Stephen Rees's blog

Thoughts about the relationships between transport and the urban area it serves

Archive for January 28th, 2008

Promise to spend $17.5B on transit can’t be trusted without legislation: report

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January 28, 2008 – 15:47

TORONTO – A new report warns that a government promise to spend $17.5 billion on public transit can’t be trusted without legislation to guarantee the funding.

The report commissioned by the Residential and Civil Construction Alliance of Ontario also says the MoveOntario 2020 plan is based more on political considerations than on need or cost effectiveness.

One again Dick Soberman points out the flaws in a seemingly positive plan. Just as in BC, Onatrio has been making lavish promises of more transit. There’s an election coming up there too.

Author Richard Soberman says the government’s blueprint to launch 52 transit projects is an example of top-down planning, and a reversal of the typical approach.

He says professional advisers should have been the ones determine the best way to reshape the province’s public transit.

Which of course applies equally here. Except here we also have to add a rider that the professional advisers should actually know something about transit. Unlike the “professional advisers” who now sit on the SoCoBriTCA. Or the people appointed to oversee the two last extension sof our rail rapid transit network. Leicia Stewart and Jane Bird could hardly have been called qualified when they were told to build the Millennium and Canada lines respectively – though both learned fast on the job – but then they had to.

At least unlike Kevin Falcon they both appeared to me to listen to some of the very smart people around them. But then neither were elected politicians either. But both were working for governments that had decided to proceed with major projects before any analysis had been done. Such studies as were done were after the event justifications for done deals. Which appears to be the way we do things here.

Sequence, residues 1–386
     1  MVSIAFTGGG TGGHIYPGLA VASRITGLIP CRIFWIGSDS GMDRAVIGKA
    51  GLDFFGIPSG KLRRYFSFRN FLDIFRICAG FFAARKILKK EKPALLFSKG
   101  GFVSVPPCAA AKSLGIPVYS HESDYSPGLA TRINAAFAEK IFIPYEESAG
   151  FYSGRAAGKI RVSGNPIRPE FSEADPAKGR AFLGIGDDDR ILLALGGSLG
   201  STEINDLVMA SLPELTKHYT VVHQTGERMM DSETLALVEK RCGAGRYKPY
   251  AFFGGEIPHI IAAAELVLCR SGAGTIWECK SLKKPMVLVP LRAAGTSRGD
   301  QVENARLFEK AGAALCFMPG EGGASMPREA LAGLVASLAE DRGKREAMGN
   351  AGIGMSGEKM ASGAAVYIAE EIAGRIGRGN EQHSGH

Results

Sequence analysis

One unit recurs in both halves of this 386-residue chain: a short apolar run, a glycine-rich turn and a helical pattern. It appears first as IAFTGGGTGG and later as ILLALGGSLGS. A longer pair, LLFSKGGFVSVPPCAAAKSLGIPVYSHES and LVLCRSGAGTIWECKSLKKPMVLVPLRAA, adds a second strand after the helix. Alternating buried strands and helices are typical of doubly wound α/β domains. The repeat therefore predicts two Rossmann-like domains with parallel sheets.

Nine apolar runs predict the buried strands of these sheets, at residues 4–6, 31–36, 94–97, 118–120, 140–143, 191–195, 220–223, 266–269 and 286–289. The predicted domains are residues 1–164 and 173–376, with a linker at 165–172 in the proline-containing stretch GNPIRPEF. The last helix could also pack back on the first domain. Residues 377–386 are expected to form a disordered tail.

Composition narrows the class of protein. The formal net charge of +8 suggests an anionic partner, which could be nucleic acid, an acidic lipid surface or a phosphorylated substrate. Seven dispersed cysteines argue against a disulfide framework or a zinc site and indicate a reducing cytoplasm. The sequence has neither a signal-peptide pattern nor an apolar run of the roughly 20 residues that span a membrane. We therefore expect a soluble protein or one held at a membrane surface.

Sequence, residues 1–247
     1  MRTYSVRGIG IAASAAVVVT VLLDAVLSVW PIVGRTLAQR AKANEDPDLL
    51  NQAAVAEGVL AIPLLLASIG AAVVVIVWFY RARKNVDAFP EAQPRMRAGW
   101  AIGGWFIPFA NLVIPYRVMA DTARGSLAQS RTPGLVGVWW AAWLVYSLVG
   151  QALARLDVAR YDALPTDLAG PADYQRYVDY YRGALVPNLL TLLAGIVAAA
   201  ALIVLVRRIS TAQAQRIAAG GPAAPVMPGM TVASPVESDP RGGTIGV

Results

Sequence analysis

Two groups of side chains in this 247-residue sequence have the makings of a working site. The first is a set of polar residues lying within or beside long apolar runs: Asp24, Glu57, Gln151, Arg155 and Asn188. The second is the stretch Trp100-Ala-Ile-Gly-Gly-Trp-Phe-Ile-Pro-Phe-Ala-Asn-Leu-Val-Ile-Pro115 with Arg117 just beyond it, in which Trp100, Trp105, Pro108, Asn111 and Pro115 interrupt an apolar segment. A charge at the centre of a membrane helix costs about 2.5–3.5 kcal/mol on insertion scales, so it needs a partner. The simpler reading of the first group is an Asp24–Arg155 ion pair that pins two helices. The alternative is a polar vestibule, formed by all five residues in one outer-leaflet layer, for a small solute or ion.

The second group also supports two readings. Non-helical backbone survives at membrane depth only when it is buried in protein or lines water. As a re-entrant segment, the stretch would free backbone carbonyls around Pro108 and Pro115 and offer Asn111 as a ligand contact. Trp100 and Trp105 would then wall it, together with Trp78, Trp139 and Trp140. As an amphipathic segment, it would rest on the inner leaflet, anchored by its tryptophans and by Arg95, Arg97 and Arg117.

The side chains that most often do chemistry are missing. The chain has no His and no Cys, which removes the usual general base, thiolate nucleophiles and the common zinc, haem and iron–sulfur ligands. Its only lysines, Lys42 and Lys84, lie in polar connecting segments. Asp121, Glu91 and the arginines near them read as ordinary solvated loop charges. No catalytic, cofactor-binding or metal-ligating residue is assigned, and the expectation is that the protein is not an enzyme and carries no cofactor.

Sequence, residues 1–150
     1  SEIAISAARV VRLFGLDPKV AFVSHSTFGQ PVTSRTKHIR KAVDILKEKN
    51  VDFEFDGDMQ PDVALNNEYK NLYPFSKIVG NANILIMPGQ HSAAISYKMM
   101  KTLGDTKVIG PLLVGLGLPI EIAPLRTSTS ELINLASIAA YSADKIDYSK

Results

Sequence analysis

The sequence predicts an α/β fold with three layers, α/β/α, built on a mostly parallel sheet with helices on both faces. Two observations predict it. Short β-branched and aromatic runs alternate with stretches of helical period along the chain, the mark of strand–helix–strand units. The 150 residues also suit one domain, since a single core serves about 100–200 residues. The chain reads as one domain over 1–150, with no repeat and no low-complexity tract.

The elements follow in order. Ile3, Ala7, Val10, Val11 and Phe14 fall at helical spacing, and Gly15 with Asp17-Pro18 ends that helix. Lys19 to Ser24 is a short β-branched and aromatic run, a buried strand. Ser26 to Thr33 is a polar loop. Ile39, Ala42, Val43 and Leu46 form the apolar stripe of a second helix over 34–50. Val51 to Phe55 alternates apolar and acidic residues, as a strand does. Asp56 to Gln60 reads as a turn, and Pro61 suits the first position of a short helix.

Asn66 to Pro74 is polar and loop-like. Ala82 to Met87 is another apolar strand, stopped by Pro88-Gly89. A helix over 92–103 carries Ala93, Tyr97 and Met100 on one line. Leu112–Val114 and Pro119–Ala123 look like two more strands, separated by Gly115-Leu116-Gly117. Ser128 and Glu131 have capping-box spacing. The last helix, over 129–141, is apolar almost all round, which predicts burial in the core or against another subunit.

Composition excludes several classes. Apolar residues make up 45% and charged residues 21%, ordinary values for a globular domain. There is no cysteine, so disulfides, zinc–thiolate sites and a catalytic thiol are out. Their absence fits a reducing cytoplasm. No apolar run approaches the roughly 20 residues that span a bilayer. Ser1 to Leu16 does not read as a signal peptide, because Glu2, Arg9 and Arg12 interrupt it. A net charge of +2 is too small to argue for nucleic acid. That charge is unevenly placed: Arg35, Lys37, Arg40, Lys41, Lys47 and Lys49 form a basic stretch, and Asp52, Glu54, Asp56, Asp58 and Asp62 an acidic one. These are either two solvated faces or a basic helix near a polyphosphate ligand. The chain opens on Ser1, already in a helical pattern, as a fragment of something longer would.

And as I think I have written here, and fairly recently at that, Ontario has seen this kind of promise not delivered too.

No wonder this blog keeps repeating itself. Our governments continue to repeat the same mistakes – and expect a different outcome.



Written by Stephen Rees

January 28, 2008 at 2:19 pm

Posted in Transportation

Angry commuters hold rail fares ‘strike’

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The Guardian

Strike is in inverted commas because most people taking part in, a fairly imaginative, well organised protest did actually pay their fares. Probably because they are holders of season tickets, as most regular commuters are.

The protest is mostly about the dreadful service – recent fare increases adding insult to injury. So the thought occurred to me is, why we have not seen this type of action here? Maybe we are just so used to poor quality transit that it just does not occur to us that it is worth complaining. After all, we have been grumbling for years and not much is happening. At least in Britain there is the thought that the company might lose its franchise, and get replaced by someone else. That did happen on a  London commuter route – the London, Tilbury and Southend – which was known as “the misery line”, and it is now one of the best in terms of service reliability.

Here there is no choice and there won’t be.  And the only protests were ineffective stunts pulled by the Bus Riders Union which have gained very little support. I think because they lacked the sense of fun that has been behind some of the more successful campaigns like Critical Mass or the Car Free festival. The BRU always come across as a bit grim.

Also note that FGW does have barriers at its stations but still has procedures in place to deal with fare evaders. Barriers, you see, do not stop fare evasion, they just require fare evaders to be a bit more creative.

Written by Stephen Rees

January 28, 2008 at 9:39 am

Posted in transit